Change in weight
For some people, symptoms affecting the stomach and bowel can reduce their appetite, whereas others may feel more like eating to try to settle their symptoms. As a result of gastrointestinal symptoms, you may notice that your weight increases or decreases.
Becoming over- or under-weight can impact your mental and physical health further. Being overweight or obese can lead to low self-esteem and anxiety, and lower your mood even further, creating a vicious cycle of weight gain and low mood.
Becoming underweight can also cause anxiety and may make you feel more lethargic or less able to focus on managing your mood. Those who severely restrict their food intake may also be at risk of nutritional deficiencies.
High blood pressure
Depression can impact the cardiovascular system, as it is known to prevent blood vessels from widening. This can lead to high blood pressure. While high blood pressure does not tend to cause symptoms itself, it increases the risk of serious health complications, including heart attacks, strokes, and kidney disease.
Depression has been found to increase the risk of type 2 diabetes. Like high blood pressure, diabetes may not cause symptoms straight away. However, diabetes increases your risk of kidney disease and vision loss, and even may cause the need for limb amputation.
Having depression increases the release of chemicals involved in inflammation. This included levels of C-reactive protein (CRP). CRP is a marker that is typically raised if you have an infection or another source of inflammation in the body, for example, following an injury.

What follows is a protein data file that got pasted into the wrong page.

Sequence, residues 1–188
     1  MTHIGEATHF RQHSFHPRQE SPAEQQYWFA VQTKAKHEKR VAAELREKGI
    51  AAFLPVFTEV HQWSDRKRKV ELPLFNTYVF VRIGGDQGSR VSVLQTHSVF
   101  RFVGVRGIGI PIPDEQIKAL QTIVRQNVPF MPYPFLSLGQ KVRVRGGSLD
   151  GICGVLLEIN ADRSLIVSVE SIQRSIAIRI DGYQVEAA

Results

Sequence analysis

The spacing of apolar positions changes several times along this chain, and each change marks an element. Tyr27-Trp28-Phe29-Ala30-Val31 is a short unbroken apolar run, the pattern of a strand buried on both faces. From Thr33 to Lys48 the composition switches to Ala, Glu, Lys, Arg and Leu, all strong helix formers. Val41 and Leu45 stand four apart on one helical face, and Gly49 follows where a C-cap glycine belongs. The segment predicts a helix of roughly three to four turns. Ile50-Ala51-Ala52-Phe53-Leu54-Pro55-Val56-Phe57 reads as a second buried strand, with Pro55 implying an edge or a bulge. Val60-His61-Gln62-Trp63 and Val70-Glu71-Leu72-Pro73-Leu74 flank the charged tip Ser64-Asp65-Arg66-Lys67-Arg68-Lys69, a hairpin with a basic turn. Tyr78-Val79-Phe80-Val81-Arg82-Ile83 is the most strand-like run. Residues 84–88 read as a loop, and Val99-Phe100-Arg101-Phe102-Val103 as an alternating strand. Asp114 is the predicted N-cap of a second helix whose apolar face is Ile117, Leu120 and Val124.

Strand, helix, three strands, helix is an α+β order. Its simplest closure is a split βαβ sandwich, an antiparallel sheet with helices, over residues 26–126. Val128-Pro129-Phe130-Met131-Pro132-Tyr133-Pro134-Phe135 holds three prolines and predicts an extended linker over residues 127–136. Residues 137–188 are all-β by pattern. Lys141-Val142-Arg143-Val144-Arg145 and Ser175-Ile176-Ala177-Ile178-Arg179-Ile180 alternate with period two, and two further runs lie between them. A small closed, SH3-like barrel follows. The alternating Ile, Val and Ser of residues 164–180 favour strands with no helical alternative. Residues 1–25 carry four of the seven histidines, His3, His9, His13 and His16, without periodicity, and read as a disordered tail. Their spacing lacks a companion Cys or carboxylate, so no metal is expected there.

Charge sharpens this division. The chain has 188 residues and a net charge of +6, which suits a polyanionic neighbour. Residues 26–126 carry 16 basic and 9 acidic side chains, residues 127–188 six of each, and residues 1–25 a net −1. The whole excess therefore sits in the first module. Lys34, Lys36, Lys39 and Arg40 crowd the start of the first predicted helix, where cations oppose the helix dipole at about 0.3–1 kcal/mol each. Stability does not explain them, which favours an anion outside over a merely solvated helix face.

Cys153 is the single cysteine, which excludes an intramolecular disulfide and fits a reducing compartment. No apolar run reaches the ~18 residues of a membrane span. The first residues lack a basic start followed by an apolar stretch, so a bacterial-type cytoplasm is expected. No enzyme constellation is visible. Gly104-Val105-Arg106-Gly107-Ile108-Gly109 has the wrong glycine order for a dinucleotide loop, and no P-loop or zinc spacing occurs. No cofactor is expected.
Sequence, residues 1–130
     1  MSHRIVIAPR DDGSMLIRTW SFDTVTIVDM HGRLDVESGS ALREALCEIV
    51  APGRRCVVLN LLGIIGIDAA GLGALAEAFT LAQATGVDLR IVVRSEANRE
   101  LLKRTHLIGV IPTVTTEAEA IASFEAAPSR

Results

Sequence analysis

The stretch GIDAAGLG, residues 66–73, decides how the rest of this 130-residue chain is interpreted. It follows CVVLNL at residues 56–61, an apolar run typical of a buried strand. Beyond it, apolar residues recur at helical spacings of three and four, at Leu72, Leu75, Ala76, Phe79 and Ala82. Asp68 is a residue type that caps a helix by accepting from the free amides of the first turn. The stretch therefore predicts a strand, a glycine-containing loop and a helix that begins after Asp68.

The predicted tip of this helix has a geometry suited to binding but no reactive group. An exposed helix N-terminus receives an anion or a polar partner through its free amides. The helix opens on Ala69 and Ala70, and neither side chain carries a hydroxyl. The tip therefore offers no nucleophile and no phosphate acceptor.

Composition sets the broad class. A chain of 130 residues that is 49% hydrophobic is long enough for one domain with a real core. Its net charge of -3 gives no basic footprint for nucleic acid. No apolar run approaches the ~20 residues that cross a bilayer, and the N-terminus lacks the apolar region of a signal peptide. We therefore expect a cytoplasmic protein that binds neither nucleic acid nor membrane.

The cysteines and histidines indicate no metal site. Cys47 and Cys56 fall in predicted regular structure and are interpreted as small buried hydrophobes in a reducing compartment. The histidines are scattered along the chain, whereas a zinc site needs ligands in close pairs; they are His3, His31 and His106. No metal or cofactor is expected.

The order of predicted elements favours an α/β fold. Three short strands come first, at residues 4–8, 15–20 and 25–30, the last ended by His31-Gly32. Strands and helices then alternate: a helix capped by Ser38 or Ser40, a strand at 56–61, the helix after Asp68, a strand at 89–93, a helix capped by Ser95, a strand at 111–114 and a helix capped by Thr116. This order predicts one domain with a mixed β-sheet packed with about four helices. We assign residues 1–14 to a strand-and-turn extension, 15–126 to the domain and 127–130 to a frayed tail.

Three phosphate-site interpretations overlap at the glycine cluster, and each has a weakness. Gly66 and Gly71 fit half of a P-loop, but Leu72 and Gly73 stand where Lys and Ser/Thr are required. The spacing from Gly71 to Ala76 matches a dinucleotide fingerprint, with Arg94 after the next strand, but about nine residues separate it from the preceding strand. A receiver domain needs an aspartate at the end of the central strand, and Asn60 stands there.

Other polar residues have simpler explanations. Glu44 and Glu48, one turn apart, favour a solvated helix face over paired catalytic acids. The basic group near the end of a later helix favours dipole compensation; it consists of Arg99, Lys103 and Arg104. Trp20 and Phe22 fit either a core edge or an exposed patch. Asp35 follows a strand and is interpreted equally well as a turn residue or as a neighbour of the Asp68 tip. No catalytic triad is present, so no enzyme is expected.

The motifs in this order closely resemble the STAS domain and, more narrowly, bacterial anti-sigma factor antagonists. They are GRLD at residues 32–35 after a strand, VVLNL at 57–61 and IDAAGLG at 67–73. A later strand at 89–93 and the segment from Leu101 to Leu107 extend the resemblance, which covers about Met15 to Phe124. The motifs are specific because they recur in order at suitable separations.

Inflammation related to depression may have a negative physical impact on the body, increasing the risk of chronic inflammatory conditions such as asthma, heart disease, arthritis, and autoimmune conditions, including multiple sclerosis (MS).
Weakened immune system
Depression has been linked to a higher risk of a wide range of infections, due to the weakening of the immune system. This includes infections of the lungs, gastrointestinal system, bladder and kidneys, brain, and skin. If you have depression, you may therefore notice you regularly succumb to infections.
Lethargy and fatigue are extremely common in people with depression. During depressive episodes, it is common for individuals to have difficulty falling asleep, regular night-time disturbances, and early morning waking. Any time spent asleep is often found to be not restorative.
Feeling tired, exhausted, or lethargic can be the most troubling symptoms of depression, as they impact what you feel able to achieve and cope with each day. Feeling drained can also make it feel much harder to put steps in place for recovery, including seeking psychotherapy for depression or committing to exercise.